U.S. Supreme Court agrees to take on health reform law

The move means a decision will come before the 2012 presidential election.

By Alicia Gallegos — Posted Nov. 14, 2011

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As expected by observers on both sides of the debate about the health system reform law, the U.S. Supreme Court officially has decided to consider several constitutional challenges to the statute, setting up a legal showdown over President Obama's signature legislative achievement amid his re-election bid.

The high court on Nov. 14 announced that it will review the Patient Protection and Affordable Care Act, consolidating two pending lawsuits that seek to overturn the statute. The key question at stake is whether the measure is constitutional -- specifically a provision that requires individuals to obtain health coverage starting in 2014 or pay a penalty.

The Obama administration requested in September that the high court review the law, after an appeals court panel ruled that the individual mandate was unconstitutional but that the rest of the reform law should remain in force. The 26 states that were the plaintiffs against the administration in that case also asked justices to take up the issue, as did petitioners in four other cases that the justices reviewed as part of their official docket.

In taking on the issue, justices consolidated the 26-state lawsuit with a separate suit brought against the reform statute by the National Federation of Independent Business.

To rule on the lawsuits, the high court will need to reconcile several conflicting rulings by lower courts. Most recently, the U.S. Court of Appeals for the District of Columbia Circuit on Nov. 8 upheld the reform law as constitutional in a suit brought by the American Center for Law and Justice. Although the case was not officially on the Supreme Court's docket when it made its determination, the ruling could influence justices. In its 2-1 opinion, the appeals court judges said the plaintiffs could find no support for their argument in the Constitution nor in prior high court opinions.

"That a direct requirement for most Americans to purchase any product or service seems an intrusive exercise of legislative power surely explains why Congress has not used this authority before, but that seems to us a political judgment rather than a recognition of constitutional limitations," wrote Senior Judge Laurence Silberman. "It certainly is an encroachment on individual liberty, but it is no more so than a command that restaurants or hotels are obliged to serve all customers regardless of race, that gravely ill individuals cannot use a substance their doctors described as the only effective palliative for excruciating pain, or that a farmer cannot grow enough wheat to support his own family."

That court decision clashes with an August opinion by the 11th U.S. Circuit Court of Appeals on the multistate lawsuit, finding that Congress exceeded its authority by requiring all Americans to obtain health insurance or pay a tax penalty. In another case, the 6th U.S. Circuit Court of Appeals ruled in June that the mandate and the rest of the law were constitutional.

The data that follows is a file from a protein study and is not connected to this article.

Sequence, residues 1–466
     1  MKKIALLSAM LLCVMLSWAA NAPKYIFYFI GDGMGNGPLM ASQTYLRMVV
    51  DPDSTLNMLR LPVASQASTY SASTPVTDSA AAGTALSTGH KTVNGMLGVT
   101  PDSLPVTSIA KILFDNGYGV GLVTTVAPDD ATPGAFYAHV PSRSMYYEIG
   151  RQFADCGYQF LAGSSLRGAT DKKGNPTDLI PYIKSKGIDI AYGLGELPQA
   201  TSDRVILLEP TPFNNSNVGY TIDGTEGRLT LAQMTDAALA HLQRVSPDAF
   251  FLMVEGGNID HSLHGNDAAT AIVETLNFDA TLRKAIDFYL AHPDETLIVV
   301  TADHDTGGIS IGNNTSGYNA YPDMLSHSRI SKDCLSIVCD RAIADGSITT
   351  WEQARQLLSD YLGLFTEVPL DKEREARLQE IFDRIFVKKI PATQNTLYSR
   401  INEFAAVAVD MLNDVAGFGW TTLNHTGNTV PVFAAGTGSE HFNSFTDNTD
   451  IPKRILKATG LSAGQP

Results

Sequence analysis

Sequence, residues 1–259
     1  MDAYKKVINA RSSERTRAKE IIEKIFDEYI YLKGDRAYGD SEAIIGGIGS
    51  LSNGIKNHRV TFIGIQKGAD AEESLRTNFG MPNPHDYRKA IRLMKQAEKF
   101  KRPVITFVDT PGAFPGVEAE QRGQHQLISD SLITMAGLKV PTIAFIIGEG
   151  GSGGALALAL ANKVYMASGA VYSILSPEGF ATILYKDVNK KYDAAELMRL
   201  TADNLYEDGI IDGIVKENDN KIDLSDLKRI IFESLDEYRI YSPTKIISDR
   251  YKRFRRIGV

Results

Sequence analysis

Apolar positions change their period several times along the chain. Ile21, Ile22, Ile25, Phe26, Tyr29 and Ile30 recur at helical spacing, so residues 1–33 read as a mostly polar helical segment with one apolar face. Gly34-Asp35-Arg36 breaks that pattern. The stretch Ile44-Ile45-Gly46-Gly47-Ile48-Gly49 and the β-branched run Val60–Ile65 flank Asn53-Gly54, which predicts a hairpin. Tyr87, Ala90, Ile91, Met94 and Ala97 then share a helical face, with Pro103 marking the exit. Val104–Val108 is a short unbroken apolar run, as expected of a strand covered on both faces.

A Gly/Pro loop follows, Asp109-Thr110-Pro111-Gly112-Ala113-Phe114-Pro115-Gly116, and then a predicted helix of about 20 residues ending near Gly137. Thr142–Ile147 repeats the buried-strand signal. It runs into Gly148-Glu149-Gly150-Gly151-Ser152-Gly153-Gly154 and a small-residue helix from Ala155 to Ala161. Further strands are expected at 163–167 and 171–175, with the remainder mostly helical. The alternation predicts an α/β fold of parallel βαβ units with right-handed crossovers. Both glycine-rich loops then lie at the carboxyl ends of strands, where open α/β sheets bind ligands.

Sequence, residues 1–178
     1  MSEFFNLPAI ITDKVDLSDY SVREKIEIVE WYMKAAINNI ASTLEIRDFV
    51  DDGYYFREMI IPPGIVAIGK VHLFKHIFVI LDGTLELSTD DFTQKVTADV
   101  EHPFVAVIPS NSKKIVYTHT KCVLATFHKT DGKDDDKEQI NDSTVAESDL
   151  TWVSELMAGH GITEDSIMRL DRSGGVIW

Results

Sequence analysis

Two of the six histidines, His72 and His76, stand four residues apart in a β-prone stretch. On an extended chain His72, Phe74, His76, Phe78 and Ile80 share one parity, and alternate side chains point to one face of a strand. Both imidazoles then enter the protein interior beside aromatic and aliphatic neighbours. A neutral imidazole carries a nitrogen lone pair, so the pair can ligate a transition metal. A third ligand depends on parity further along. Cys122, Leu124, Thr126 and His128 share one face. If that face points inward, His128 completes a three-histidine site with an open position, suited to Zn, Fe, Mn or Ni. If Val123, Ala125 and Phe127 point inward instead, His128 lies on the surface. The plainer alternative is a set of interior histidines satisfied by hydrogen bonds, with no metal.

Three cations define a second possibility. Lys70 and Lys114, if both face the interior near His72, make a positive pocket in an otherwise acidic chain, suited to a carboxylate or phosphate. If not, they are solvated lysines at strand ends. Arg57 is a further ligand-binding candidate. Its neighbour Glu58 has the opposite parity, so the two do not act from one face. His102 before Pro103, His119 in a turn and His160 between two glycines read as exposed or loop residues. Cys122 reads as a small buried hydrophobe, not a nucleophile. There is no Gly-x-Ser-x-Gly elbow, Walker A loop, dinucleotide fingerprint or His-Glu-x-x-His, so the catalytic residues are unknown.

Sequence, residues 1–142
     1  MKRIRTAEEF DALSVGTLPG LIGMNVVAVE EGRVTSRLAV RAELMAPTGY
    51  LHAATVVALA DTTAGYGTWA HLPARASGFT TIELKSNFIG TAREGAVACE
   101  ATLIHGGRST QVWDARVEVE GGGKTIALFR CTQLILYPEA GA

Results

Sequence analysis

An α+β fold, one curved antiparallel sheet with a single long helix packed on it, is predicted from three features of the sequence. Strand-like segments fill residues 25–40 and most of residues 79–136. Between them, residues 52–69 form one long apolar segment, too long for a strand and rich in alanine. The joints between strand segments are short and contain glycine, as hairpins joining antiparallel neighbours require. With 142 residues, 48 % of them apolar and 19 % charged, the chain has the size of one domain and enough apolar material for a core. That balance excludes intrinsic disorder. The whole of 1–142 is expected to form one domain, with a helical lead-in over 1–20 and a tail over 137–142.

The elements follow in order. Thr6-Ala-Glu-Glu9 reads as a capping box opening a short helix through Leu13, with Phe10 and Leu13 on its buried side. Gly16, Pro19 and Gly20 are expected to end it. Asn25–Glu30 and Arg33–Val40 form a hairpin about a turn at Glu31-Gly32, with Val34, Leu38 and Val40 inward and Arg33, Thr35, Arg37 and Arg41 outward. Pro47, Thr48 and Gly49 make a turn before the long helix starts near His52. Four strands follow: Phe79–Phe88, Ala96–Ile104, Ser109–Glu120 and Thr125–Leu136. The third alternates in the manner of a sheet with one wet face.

More than a dozen legal challenges have been filed against the health reform law since 2010, the majority of which were dismissed by lower courts, which stated that the plaintiffs had no standing to sue yet, because the major provisions of the reform law had not yet been implemented. If the high court takes a similar stance, the next chance for reform law opponents to defeat the statute, outside of a legislative repeal, might not come until after 2014.

In addition, even if the justices invalidate the individual mandate, the rest of the reform law would remain in force unless they also decide that the remainder of the statute is not severable from the mandate language.

Oral arguments in front of the Supreme Court probably will occur in the spring of 2012, meaning that a ruling later in the term will arrive in the thick of the 2012 election cycle. Legal and policy observers said a lawsuit dismissal or another ruling that leaves the reform statute intact would be a big win for Obama as he seeks re-election, but any decision that goes against the law would be used to try to weaken his campaign.

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What's on the high court's docket?

Five lawsuits against the Patient Protection and Affordable Care Act were up for review by the U.S. Supreme Court.

  • Thomas More Law Center, et al., v. Barack H. Obama, President of the United States, et al.
  • National Federation of Independent Business, et al., v. Kathleen Sebelius, Secretary of Health and Human Services, et al. *
  • Florida, et al., v. Department of Health and Human Services, et al. *
  • Virginia, ex rel. Kenneth T. Cuccinelli II, Attorney General of Virginia v. Kathleen Sebelius, Secretary of Health and Human Services
  • Liberty University, et al., v. Timothy F. Geithner, Secretary of the Treasury, et al.

* Cases chosen by the justices to consolidate for consideration

Note: The multistate lawsuit also was listed separately as Department of Health and Human Services, et al., v. Florida, et al., due to petitions from both plaintiffs and defendants.

Source: Patient Protection and Affordable Care Act, U.S. Supreme Court (link)

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